Figure 1. Effect of TL5 and LL5 on Carrageenan Induced Paw Oedema in rats

 

 

 

Ex-vivo Anti-inflammatory activity

Heat induced haemolysis

In this, lysosomes play a major role in the inflammatory reaction (Gokani et al., 2011). The vitality of cells depends upon the integrity of their membrane, exposure of RBCs to injurious substances such as hypotonic medium results in lysis of its membrane accompanied by haemolysis and oxidation of haemoglobin (Augusto et al., 1982). The liniments, TL5 and LL5 were subjected to heat induced haemolysis test in various concentrations using fresh rat blood. LL5 showed 89.24% inhibition of haemolysis on erythrocyte membrane at a maximum dose of 500µl which is higher than that of TL5 which showed 84.32% inhibition. LL5 is more effective when compared to that of the control and as the dose increases, there is an increase in the % inhibition. Compounds with membrane stabilizing properties are well known for their ability to interfere with the release of phospholipases that trigger the formation of inflammatory mediators. These results were indicated in table 3 and figure 2.

Table 3. Effect of TL5 and LL5 on Heat Induced Haemolysis of Erythrocyte Membrane

Concentration (µl)

% Inhibition of Heat Induced Haemolysis (Mean ± SEM)

SD (Indomethacin)

TL5

LL5

100

42.26 ± 1.0022

56.43 ± 1.0174

60.81 ± 1.0015

200

58.74 ± 0.8845

68.75 ± 1.2356

72.45 ± 1.5224

300

67.62 ± 1.5841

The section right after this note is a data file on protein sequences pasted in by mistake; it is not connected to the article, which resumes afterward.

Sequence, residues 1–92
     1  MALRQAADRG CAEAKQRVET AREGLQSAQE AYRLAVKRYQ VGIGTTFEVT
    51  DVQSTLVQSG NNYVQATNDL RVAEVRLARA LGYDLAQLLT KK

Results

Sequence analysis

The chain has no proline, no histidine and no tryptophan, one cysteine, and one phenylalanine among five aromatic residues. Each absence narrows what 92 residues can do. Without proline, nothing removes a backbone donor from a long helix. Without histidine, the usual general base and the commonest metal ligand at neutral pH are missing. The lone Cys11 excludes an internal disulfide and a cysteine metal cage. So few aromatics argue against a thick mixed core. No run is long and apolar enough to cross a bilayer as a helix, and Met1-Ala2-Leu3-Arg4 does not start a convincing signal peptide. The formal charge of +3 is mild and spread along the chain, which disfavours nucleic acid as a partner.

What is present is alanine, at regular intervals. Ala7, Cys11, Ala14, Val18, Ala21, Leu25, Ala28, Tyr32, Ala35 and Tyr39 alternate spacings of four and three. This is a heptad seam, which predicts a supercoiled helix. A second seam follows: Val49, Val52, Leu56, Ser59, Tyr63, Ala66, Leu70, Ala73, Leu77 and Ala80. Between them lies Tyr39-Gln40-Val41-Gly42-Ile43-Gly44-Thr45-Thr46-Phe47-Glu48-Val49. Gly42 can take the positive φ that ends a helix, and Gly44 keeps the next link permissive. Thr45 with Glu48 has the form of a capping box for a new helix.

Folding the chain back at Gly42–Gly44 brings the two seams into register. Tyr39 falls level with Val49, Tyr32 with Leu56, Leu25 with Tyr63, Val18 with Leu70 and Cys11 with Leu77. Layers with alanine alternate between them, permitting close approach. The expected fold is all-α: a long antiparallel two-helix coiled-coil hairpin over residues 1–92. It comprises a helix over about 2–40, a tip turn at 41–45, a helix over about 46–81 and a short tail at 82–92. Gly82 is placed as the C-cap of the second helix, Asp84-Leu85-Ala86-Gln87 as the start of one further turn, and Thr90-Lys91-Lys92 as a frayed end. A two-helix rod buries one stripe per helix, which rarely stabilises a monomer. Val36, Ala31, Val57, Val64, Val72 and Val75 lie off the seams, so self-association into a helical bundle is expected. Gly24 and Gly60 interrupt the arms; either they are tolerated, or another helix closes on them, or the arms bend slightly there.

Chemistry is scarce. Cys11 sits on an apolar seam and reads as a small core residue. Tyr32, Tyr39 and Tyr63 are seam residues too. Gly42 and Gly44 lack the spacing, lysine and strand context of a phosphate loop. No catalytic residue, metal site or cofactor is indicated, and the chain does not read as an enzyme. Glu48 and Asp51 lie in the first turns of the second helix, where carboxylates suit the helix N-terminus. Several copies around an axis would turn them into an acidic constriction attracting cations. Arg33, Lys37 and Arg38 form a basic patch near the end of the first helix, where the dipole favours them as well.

72.79 ± 1.2150

77.44 ± 1.2443

400

75.98 ± 1.6427

79.73 ± 1.0714

81.32 ± 0.8462

500

82.22 ± 0.7425

84.32 ± 1.2124

89.24 ± 0.9511

Figure 2. Effect of TL5 and LL5 on Heat Induced Haemolysis of Erythrocyte Membrane

 

 

Protein denaturation

Denaturation of proteins is a well-documented cause of inflammation and rheumatoid arthritis (Grant et al., 1970). TL5 and LL5 formulations were subjected to protein denaturation in various concentrations using fresh egg albumin. LL5 showed 94.28% inhibition of protein denaturation at a maximum dose of 500 µl which is higher than that of TL5 which showed 85.90% inhibition. It is more effective when compared to that of the control and as the dose increases, there is an increase in percentage inhibition. Several anti-inflammatory agents had already shown dose dependent action to reduce protein denaturation which induced thermally. Ability of LL5 to bring down thermal denaturation of protein is possibly contributing factor for its anti-inflammatory activity. These results were indicated in table 4 and figure 3.

Table 4. Effect of TL5 and LL5 on Protein Denaturation

Concentration (µl)

% Inhibition of Protein Denaturation

SD (Indomethacin)

TL5

LL5

100

46.58 ± 1.4222

60.44 ± 0.4055

71.98 ± 1.5371

77.55 ± 1.0142

81.04 ± 1.8534

55.63 ± 0.9088

69.09 ± 0.9333

77.23 ± 0.9295

82.64 ± 0.9388

85.90 ± 0.8249

69.27 ± 0.6876

77.08 ± 1.2890

80.21 ± 0.6037

88.45 ± 0.8536

94.28 ± 0.4309

Figure 3. Effect of TL5 and LL5 on Protein Denaturation

 

 

Conclusion

Lemon grass oil liniment prepared using tween 80 as surfactant in the ratio of 1:0.5 was found to be a stable formulation after performing suitable physical stability studies. This formulation LL5 along with stable turpentine oil liniment TL5, were further subjected to pharmacological evaluation. From the obtained results, it was concluded that LL5 reduced oedema significantly. There is also a significant inhibition of heat induced haemolysis of and protein denaturation which clearly indicates the anti-inflammatory effect. Thus, from the current work, it was concluded that the lemon grass oil liniment showed significant anti-inflammatory action.

Acknowledgement

The authors express their gratitude to M/s. Life Line Formulations, Vijayawada for providing Indomethacin pure drug sample. The authors are thankful to the management of Chebrolu Hanumaiah Institute of Pharmaceutical Sciences, Guntur for providing the facilities to carry out the research work.

Conflict of Interest

The authors declare no conflicts of interest.